Tuesday, 27 October 2015

Decorating Pumpkins the Folk It way

As we welcome in the signs of autumn, the golden leaves and colder weather, it also means that its nearly time for Halloween. For some, this event is the best day of the year and while we are some way behind the US for celebrating the holiday, it is certainly becoming a bigger deal in the UK as the years go by. 

As pumpkins fill the supermarkets, we could not resist the urge to take a few home to decorate.  We could have got out the knife but we were inspired by this recent blog post we saw and decided to follow the 'no carving' trend. 

If you want to have a go at decorating your own, here's what you will need: 

DecoArt's Chalky Finish paint in Carbon
Paintbrush - we used a DecoArt 2" flat brush 
DecoArt metallic lustre wax in Gold Rush 
Our Series 1 medium round brush 
DecoArt Americana acrylic in warm white 
Paper towel 

First we painted the pumpkin in DecoArt Chalky Finish paint. As we keep saying, the beauty of this paint is that it needs no prep - grab your pumpkin and get painting. It gives a gorgeous matte finish which gives the perfect look for Halloween. 

We painted our pumpkin with DecoArt Chalky Finish paint in carbon
Paint one coat of Carbon onto the pumpkin.
Once this coat was dry, (you could speed it up with a hairdryer if you needed to) we dry brushed the pumpkin with DecoArt Metallic wax using long vertical strokes to follow the curves of the pumpkin. To do this, lightly press the brush into the wax and remove the excess by brushing it onto the paper towel. When the brush feels almost dry to the touch, lightly brush the wax over the pumpkin. If you wish to build the colour, add a second layer of the wax to the pumpkin.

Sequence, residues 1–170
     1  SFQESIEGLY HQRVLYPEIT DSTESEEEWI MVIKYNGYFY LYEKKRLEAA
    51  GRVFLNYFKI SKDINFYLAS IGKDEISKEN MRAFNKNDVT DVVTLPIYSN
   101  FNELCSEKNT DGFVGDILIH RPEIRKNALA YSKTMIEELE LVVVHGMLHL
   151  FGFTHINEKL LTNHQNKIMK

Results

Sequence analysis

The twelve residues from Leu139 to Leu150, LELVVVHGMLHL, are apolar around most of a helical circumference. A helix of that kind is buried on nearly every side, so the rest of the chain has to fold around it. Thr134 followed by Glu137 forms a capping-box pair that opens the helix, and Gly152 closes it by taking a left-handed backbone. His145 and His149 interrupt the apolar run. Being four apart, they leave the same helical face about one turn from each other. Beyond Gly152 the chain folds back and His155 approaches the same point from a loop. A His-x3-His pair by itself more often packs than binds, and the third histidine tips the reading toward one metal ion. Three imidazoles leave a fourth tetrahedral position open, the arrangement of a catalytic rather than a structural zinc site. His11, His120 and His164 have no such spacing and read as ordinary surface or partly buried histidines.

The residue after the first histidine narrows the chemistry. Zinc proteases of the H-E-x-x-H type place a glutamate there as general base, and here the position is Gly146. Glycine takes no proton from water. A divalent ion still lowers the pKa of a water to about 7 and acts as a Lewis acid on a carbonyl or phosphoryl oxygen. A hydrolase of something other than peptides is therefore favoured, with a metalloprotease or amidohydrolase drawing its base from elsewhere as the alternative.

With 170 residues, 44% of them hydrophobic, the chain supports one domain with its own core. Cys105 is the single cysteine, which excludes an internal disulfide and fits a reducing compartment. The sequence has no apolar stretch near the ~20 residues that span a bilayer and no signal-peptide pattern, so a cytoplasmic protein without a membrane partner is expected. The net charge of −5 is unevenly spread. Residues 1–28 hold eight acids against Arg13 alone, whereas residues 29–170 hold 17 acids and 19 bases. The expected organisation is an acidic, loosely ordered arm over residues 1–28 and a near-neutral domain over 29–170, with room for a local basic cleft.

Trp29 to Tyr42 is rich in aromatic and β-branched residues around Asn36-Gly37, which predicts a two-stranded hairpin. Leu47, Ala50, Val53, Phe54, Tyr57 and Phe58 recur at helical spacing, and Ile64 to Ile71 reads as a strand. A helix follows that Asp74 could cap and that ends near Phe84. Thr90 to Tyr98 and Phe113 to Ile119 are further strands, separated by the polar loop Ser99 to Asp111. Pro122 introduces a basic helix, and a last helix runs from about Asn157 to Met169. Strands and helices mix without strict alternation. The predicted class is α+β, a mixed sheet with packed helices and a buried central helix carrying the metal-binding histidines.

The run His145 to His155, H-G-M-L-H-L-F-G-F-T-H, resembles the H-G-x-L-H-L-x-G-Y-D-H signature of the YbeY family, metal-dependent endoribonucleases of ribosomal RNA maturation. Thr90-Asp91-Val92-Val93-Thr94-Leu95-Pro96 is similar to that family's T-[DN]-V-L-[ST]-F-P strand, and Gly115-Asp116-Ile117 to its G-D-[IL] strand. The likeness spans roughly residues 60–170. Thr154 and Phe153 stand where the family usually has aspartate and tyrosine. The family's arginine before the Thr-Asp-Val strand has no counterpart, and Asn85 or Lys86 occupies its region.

Dry brush the pumpkin with DecoArt metallic lustre
Create a thing of beauty using Metallic lustre!
Now comes the fun bit! Grab your round brush, your chosen colour paint and get Folking! The beauty of this project is that you can paint whatever design you want onto it.  The curved surface of the pumpkin presents its challenges when painting but you can make your design as simple or as intricate as you wish. The important part is to have fun with it. 

We chose to decorate ours with comma strokes, flowers (from our bluebirds kit) and dots. Let your imagination go wild!
Here is our beautiful Folked up pumpkin 
Now we've got the bug we are going to have fun carving one.... 

If you have created a Folk It pumpkin, or if we have inspired you to have a go at painting one up for Halloween, we would love to see it. You can share it here

Happy Folking...and Happy Halloween, 

Carol and Sandra x

Saturday, 17 October 2015

Five great ways to add writing to your Folk It projects

So you have painted up something you are proud of and you want to add writing as a finishing touch but what do you use? There are a number of options available and your choice may depend on the finished look you want and personal preference so here are a few of our favourites for you to choose from.

1. Transfers